• Purchase any necessary remaining supplies and brief everyone involved in the event on the day-of activities and do a final walkthrough of the venue space, if possible.
• Set a follow up date after the event to discuss if objectives were met and potential ways of improving future fundraising events.
• Don’t forget to smile and have fun!
Always start with your ‘why’ – what is the purpose and cause of this event.
Always start with your ‘why’ – what is the purpose and cause of this event. Once you’ve fleshed that information out start with a detailed plan and event proposal covering all aspects of the event. We break our events into 4 pillars, event planning, event design, event production and event execution. Within those 4 pillars are detailed steps.
Once you’ve fleshed out your plan and steps, start thinking about a marketing plan for your event and sponsorships for your event. You want to have as many people attend as possible to contribute to the success of your event.
Whether it is a fundraiser, special or corporate event, my planning advice would be to focus on the macro-level first.
Whether it is a fundraiser, special or corporate event, my planning advice would be to focus on the macro-level first. What is the goal of the event? What is the design vision? Who would you like to collaborate with to help carry your vision and goals to fruition? What is your expected guest count?
These questions (and others) serve as a pivotal starting point for your planning endeavor. By addressing these, you will begin to navigate to the micro-level of the planning process.
Hiring a planner is crucial.
Fundraisers offer the unique opportunity to have an experience, bring awareness, and raise money. Hiring a planner is crucial.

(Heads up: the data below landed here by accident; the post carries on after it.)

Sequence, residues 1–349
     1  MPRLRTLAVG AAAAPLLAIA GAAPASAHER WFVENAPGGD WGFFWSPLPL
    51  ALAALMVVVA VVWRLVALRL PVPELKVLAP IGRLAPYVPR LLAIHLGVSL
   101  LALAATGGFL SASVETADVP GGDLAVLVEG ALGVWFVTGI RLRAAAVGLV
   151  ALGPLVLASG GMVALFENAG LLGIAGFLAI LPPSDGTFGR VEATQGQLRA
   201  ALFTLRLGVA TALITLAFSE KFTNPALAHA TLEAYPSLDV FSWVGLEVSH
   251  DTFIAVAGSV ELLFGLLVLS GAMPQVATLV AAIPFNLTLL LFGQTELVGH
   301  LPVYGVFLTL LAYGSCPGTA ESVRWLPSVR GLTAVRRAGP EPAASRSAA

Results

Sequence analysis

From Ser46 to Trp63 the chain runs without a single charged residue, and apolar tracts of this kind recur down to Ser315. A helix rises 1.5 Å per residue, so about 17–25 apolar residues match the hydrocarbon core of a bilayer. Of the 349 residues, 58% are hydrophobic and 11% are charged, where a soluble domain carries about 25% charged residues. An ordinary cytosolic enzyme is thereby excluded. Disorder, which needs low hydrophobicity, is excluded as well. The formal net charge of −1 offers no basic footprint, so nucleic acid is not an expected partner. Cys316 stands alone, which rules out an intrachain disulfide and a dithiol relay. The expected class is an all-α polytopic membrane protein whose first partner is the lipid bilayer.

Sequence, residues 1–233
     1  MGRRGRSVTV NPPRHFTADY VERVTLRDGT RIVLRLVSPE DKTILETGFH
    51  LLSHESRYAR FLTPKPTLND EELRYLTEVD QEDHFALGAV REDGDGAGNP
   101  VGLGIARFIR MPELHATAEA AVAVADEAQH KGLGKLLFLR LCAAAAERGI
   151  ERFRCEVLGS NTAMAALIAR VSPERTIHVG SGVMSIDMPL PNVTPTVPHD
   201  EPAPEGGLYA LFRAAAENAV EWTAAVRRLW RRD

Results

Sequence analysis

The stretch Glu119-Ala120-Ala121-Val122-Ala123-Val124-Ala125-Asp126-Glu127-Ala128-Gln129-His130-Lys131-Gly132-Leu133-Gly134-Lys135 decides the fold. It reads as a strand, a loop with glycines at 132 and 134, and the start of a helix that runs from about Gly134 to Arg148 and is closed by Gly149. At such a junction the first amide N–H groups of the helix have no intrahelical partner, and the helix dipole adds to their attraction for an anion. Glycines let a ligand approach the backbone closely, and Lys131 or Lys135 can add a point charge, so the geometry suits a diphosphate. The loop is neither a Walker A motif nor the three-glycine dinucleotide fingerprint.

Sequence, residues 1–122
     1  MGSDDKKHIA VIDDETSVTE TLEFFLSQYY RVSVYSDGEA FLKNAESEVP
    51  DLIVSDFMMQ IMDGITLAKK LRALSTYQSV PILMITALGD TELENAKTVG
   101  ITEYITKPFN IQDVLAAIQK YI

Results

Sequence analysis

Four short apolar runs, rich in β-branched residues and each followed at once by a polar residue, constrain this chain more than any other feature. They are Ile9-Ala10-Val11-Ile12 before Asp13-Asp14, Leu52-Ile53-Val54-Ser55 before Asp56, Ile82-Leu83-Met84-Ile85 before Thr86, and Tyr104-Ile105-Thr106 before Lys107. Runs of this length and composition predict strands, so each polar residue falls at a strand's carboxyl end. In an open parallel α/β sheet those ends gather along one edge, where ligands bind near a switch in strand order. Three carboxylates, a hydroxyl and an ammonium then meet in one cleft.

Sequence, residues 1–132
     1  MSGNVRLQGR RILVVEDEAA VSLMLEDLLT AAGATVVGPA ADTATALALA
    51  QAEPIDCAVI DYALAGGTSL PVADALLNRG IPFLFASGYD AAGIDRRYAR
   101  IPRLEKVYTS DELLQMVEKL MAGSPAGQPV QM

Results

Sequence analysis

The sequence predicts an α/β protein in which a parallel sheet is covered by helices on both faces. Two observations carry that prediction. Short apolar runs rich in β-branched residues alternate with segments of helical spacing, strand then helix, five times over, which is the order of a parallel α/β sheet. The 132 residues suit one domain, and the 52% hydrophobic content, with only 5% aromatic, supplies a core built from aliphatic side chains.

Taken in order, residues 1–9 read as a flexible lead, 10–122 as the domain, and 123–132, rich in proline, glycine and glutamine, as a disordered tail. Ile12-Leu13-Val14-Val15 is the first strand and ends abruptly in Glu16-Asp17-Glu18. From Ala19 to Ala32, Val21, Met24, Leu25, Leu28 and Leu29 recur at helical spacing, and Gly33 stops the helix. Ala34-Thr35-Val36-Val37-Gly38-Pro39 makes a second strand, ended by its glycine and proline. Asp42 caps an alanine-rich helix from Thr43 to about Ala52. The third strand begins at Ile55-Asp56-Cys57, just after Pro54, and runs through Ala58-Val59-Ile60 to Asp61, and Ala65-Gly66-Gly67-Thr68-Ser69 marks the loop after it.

Networking is key. Speaking with individuals and corporations to secure contributions is critical. Without contributions, there is no way to raise funds. Get comfortable asking for those contributions.
The experience and auction items are what is going to have those invited coming back year after year. Make an unforgettable ball or black tie event and make sure those auctions items are worthy of a great bid.
Make sure you have a committee/team committed and ready to work hard to make the event happen.
Make sure you have a committee/team committed and ready to work hard to make the event happen. Most times, fundraisers fail due to manpower and lack of time in preparing for the event (this coincides with budgeting and fundraising money without lead time).
A consultation or meeting to discuss the vision is critical.
A consultation or meeting to discuss the vision is critical. He or she will have to be willing to brainstorm and break down the following: their purpose, deadline, budget, target audience, etc. Once components like that are determined, we can immediately start communicating with relevant vendors and continue organizing the remaining process.
Honestly, hire a planner!
Honestly, hire a planner! I, personally, donate two events a year to charities – and I am sure there are others who do the same! It’s good for the soul to give back to the community, helps connect me with future clients, and is so much fun!
Always be clear as to the GOAL of the fundraiser...
If you are planning a fundraiser make sure you have a committee/ team working hard to make the event happen. Always be clear as to the GOAL of the fundraiser as everything you plan has to resonate and ultimately achieve your goal – from the selection of your venue, partnerships, sponsorship, and even your guest list to name a few…
Hire a corporate event planner with an actual background in planning successful fundraisers.